Minutes of Weekly Meeting, 2012-01-09

Meeting called to order: 11:06 AM EST

1. Roll Call

Brian Erickson
Carl Walker
Ian McIntosh
Brad Van Treuren
Richard Foster
Peter Horwood
Heiko Ehrenberg (joined 11:08)
Tim Pender (joined 11:15)
Harrison Miles (joined 11:22)

Adam Ley
Patrick Au

2. Review and approve previous minutes:

12/05/2011 minutes:

  • Draft circulated on 12/06/2011.
  • No corrections advised.
  • Brian moved to approve, seconded by Carl. No objections or abstentions.

12/12/2011 minutes:

  • Draft circulated on 12/12/2011.
  • No corrections advised.
  • Insufficient attendees for approval.

12/19/2011 minutes:

  • Draft circulated on 12/31/2011.
  • No corrections advised.
  • Carl moved to approve, seconded by Brian. No objections or abstentions.

3. Review old action items

  • Adam proposed we cover the following at the next meeting:
    • Establish consensus on goals and constraints
    • What are we trying to achieve?
    • What restrictions are we faced with?
      {Action to be retained}
  • All: do we feel SJTAG is requiring a new test language to obtain the information needed for diagnostics or is STAPL/SVF sufficient? see also Gunnar's presentation, in particular the new information he'd be looking for in a test language
    {Action to be retained}
  • Ian/Brad: Condense gateway comments and queries into a concise set of questions. - Ongoing
    {Brad moved to close this action}
  • All: Forward text file to Ian containing keywords from review of meeting minutes. - Ongoing.
    {Brad moved to close this action}
  • Carl/Brad: Get annotated keyword worksheets to Ian by Wednesday Close of Business. - Ongoing
    {Brad moved to close this action}
  • All: Consider how a keyword can be used to define the chain configuration for a given test step, and what that keyword might be.
    {Brian moved to close this action}
  • Harrison: Prepare slide showing matrix of industry sectors by volume/mix. - COMPLETE.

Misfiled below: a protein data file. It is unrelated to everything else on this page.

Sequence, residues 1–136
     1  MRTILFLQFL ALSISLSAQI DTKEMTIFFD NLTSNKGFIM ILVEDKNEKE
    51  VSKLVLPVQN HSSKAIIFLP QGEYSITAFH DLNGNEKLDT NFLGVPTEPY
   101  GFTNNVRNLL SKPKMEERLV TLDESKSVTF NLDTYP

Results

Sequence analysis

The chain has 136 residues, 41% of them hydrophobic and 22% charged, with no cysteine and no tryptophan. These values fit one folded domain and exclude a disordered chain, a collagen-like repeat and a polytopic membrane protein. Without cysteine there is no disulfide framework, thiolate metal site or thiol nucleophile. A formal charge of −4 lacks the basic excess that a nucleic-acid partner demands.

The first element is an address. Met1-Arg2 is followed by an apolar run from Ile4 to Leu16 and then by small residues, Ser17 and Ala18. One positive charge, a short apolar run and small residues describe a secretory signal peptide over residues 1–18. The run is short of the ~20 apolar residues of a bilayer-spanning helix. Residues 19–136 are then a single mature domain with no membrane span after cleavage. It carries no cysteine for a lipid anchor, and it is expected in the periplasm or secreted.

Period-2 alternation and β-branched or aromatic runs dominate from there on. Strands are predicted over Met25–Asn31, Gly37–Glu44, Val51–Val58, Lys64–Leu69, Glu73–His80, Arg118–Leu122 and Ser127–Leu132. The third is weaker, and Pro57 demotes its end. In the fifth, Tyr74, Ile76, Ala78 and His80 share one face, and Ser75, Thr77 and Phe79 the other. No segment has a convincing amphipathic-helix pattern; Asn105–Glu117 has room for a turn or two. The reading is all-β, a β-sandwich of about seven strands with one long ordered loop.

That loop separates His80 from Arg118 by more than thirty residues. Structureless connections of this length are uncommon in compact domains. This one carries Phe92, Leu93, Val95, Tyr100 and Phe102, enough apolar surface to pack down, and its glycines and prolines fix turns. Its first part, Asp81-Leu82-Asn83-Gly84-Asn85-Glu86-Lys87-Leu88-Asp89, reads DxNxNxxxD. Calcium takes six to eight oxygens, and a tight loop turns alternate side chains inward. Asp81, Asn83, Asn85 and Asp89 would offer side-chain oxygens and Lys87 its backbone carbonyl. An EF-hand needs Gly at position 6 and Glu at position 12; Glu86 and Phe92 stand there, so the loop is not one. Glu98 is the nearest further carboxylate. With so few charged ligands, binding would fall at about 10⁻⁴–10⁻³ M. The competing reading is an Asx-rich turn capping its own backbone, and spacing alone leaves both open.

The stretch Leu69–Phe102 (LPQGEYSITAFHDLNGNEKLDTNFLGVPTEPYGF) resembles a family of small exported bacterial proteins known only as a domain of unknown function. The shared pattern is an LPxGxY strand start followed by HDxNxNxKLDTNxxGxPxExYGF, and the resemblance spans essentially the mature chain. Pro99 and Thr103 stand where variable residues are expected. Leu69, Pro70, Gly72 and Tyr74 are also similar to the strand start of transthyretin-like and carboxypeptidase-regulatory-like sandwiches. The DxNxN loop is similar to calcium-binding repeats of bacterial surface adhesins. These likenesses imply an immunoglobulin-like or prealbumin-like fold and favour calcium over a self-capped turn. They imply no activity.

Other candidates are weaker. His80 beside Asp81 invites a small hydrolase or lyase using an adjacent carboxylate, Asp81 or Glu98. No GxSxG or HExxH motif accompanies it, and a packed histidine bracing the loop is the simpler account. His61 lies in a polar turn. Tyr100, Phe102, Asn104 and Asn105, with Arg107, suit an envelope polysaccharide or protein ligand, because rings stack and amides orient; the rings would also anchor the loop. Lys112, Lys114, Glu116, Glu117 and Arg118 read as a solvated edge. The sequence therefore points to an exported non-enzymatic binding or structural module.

Long standing actions were reviewed for continued relevance. Decisions are noted above.

It was noted that in future it may be helpful to record the date new actions are created.

4. Discussion Topics

  1. Refresher on discussions from December 2011
    • {Deferred to another date}
  2. Extending the Primitives descriptions to address 2-wire topologies
    • {Deferred to another date}
  3. Harrison's industry sector matrix
    • [Ian] I think if Harrison has his slides available, we can maybe look at those today.
    • [Harrison] OK, let me find them. I'm just trying to remember all the context behind these.
    • {Harrison shared slides}
    • [Harrison] In here, there's the notion of New Product Introduction and the notion of Qualified Production. The data here was put together by people working in the industry, so it's first hand, which is not normally the case with this type of study. The one sector that isn't represented here is that there's no DoD.
    • [Harrison] The key things to note are the number of weeks to NPI and the number of weeks to Qualified Production. Automotive had the longest period to NPI, but that was reduced by 29% which is a massive change. Consumer/ Portable sector, and even Medical, had fairly aggressive times for NPI and Qualified Production.
    • [Heiko] Is Medical really the same as Consumer here?
    • [Harrison] Let me check the source data in case I got something wrong... No, that seems to be correct. They both have the same figures.
    • [Tim] NPI maybe doesn't include the design time.
    • [Harrison] Ah, and in Medical, the certification and FDA approvals; that can take a lot of time.
    • [Tim] Im also thinking that in Medical, they maybe don't have the same space restrictions, so may have bigger boards, maybe more warpage. [Harrison] OK, but this is maybe more the portable medical equipment: I know there's a $10M business there. Some wireless, and all non-wireless portable equipment. It doesn't include MRIs, etc.